At any given time, PNA
is almost sure to have at least one type of náam phrík
, or Thai-style “dip,” available for sale. A few such dips include náam phrík kà-pì
(Central Thai-style shrimp paste dip), náam phrík àwng
(Northern Thai-style minced pork and tomato dip), náam phrík nùm
(Northern Thai-style green chile dip), náam phrík plaa yâang
(Central Thai-style grilled fish dip), and the incomparably funky náam phrík plaa ráa sàp
(Northern Thai-style fermented fish dip), outlined below.
náam phrík plaa ráa sàp -- ingredients
This pungent and bracing dip is suitably accompanied by any number of things, including blanched water spinach (phàk bûng tôm
), crisply-fried pork skins (khàep mũu
), crisply-fried fish (plaa kràwp
), boiled quail eggs (khài nók kra-tha tôm
), sliced cucumber (taeng kwaa chín
), and blanched bitter melon (mára tôm
). Pictured with the plated dip below are crisply-fried pork skins (khàep mũu
) and blanched "baby" bitter melons (lûuk mára tôm
náam phrík plaa ráa sàp -- service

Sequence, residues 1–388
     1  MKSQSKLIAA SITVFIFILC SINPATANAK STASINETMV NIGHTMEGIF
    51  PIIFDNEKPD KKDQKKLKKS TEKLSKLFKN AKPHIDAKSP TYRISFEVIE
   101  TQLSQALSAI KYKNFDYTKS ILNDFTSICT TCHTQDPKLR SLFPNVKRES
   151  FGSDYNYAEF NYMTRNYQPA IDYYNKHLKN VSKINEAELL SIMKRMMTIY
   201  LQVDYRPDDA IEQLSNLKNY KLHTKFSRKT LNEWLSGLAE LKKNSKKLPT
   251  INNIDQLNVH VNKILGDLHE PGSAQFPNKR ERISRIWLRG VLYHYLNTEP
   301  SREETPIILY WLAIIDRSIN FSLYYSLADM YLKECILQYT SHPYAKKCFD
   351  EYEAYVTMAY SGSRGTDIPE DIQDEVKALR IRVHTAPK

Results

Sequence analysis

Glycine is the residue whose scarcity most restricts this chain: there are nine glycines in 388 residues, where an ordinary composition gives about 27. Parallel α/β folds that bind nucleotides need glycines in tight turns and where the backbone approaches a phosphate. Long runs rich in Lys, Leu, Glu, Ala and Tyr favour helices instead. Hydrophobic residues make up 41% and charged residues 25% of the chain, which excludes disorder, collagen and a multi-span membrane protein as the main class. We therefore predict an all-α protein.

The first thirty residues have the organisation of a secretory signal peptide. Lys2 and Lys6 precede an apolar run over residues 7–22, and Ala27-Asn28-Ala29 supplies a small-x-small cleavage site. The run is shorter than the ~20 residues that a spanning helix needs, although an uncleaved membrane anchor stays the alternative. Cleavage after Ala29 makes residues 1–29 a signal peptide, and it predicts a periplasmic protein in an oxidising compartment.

Thais attribute a number of medicinal and healthful qualities to bitter melon. It is believed to regulate body temperature, flush toxins from the blood, and even slow the aging process. “Baby” bitter melons are more bitter than their mature counterparts and, for that reason, extra care must be taken in their preparation. For use as an accompaniment to a relish like the one outlined here, I would suggest poking them all over with a knife before cold-blanching in salty water. [Alternately, the melons can be halved before cold-blanching.] This allows for greater absorption of the salt solution, significantly reducing the vegetables' bitterness.
lûuk mára tôm : blanched “baby” bitter melon
I have outlined the item above largely for the purpose of documentation. I do not realistically expect many folks here to follow in my path. If I were asked to rank this item in terms of its "difficulty," or in terms of the "challenge" it might present to the unaccustomed or inexperienced palate, well, it would be very near the top of my scale. Plaa ráa
is, after all, "rotten fish."
2310 W. Leland Ave.
* Both the pork skins and the "baby" bitter melons can be purchased at PNA. But, be advised that while the pork skins are available year round, the baby bitter melons are only available for a short period of time each year.